Most salespeople are fine with being accountable. However, a sales manager might see it differently.…
Business relationships are no different than personal relationships. Things can go awry when we take things for granted, become less appreciative or neglect the details that first built the strong relationship. The relationship can begin to effect your upselling technique. When a competitive large sales opportunity presents itself with an existing client or customer an easy trap to fall into is, trusting your key contact (the one with the strong relationship) to do your selling for you.
When you are servicing an account, making small or average sales you will tend to work with the same person for all the buying decisions. You build a strong relationship and there is trust being built. When a new system or major purchase is being considered it is easy to continue selling to the same person you always have in the past, trusting them to do your selling up. This usually happens for a couple of reasons. One; you are getting good vibes; they are saying they will recommend you and two; it is sometimes awkward to work around them to their boss and peers.
On the other hand, the competitor is going straight to the top to sell down, instead of up. If they get to the top level and convince them of their value, your years of relationship can be in serious jeopardy. You obviously don’t want this to happen, so I recommend the following upselling techniques to prevent losing what should be yours.
- Do your job. Remember you have a job to do, not just a relationship to build. As a sales professional we are there to help buyers make quality decisions, hopefully in our favor. If there are new buyers with authority to make a larger purchase they deserve to hear from you so they can make a quality decision just as your regular contact has in the past.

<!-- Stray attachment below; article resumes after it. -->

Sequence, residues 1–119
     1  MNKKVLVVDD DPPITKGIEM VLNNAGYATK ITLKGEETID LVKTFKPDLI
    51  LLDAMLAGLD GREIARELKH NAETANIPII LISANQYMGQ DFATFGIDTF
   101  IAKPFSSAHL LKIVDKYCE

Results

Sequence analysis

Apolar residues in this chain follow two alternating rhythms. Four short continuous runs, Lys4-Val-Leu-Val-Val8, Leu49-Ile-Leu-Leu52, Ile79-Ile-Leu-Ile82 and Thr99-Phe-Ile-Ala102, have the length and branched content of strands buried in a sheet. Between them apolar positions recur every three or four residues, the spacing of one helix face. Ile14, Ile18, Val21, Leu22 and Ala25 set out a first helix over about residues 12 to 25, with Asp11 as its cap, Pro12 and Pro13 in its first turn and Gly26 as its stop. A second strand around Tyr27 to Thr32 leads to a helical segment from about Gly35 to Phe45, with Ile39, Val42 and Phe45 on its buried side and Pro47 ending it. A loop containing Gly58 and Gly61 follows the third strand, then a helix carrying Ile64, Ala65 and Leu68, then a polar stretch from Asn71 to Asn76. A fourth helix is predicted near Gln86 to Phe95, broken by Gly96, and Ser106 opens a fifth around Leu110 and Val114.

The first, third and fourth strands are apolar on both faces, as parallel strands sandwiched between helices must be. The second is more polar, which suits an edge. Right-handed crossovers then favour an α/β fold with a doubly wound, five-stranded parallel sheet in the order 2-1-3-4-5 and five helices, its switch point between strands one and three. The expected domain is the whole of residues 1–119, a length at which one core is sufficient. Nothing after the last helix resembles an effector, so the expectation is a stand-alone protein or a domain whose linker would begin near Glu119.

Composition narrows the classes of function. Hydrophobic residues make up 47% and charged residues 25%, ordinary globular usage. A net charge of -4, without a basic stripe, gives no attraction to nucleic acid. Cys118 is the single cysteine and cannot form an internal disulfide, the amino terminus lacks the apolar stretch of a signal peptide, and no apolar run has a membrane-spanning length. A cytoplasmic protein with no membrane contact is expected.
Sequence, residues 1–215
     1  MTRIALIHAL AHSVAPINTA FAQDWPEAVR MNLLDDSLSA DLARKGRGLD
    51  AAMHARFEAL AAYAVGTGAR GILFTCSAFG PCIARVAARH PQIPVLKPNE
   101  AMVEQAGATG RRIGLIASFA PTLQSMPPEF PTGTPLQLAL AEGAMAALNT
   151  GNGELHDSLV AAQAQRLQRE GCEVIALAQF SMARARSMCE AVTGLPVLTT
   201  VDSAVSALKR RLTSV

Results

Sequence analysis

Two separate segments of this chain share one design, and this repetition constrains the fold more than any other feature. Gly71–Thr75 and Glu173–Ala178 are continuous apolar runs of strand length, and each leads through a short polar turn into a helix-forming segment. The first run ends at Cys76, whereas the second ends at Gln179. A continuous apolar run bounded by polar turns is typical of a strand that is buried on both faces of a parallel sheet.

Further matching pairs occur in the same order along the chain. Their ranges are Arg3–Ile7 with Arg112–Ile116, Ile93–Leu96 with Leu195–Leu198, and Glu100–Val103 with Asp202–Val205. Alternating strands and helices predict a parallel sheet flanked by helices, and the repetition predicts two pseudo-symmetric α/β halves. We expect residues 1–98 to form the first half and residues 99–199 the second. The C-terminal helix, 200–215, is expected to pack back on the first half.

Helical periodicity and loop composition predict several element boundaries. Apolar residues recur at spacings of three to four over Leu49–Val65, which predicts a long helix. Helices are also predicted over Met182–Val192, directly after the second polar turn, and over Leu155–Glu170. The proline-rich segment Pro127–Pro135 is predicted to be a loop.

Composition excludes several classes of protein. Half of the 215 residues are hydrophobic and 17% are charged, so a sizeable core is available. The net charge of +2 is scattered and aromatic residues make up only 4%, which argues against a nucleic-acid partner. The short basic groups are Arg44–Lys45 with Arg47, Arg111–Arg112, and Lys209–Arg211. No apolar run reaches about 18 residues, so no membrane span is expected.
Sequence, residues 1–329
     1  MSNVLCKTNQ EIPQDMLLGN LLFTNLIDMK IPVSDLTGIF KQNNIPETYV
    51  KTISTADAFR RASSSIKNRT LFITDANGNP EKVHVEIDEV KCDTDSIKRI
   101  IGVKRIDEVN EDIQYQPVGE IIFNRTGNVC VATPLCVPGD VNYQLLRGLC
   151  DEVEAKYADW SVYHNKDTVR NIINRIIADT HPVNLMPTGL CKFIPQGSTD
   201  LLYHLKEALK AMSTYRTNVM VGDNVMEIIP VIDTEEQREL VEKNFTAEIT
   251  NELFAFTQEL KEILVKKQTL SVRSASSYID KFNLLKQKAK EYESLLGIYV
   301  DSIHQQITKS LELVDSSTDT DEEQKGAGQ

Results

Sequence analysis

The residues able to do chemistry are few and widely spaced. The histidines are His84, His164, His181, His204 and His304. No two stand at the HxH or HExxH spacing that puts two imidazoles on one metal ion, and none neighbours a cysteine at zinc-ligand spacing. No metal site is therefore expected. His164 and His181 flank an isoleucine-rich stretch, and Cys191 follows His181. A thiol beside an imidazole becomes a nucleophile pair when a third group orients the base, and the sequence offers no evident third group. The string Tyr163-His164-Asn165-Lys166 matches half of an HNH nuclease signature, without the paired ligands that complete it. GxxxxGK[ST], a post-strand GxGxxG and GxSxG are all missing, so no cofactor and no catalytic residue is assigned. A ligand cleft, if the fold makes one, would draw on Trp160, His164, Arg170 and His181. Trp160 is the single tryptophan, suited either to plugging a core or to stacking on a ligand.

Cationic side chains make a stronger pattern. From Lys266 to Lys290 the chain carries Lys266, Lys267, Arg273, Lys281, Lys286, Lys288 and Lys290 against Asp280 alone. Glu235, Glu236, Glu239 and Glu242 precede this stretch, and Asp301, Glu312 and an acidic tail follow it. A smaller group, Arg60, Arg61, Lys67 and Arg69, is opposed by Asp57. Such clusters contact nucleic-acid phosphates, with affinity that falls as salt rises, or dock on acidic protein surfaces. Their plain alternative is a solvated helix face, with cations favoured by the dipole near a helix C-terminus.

- Don’t take anything for granted. Every buying decision must be justified. Never let the past be the justification for a new buying decision. Perform your quality discovery and present a solid ROI. Don’t let the “good feeling” from your solid relationship cause you to take a short cut.
- Don’t get bogged in technology and features. When you are servicing an account you will tend to discuss features and technology more as the buyer is already sold on the strategic advantage of doing so. When a larger purchase is in play and new buyers are involved, make sure you are talking about their strategic objectives and how your offering will help them solve their high level problems. Talking tech or features to higher level buyers will weaken your sales position.
- Take the lead. You don’t need permission from your long term contact to do your job. Lead them in a way that makes them look like a champion for doing business all the years that they have.
When things are comfortable it is easy to fall asleep on the job. If you approach each sale as if you were winning it away from your competitor you will stay sharp, serve your customer and preserve a strong relationship for the future.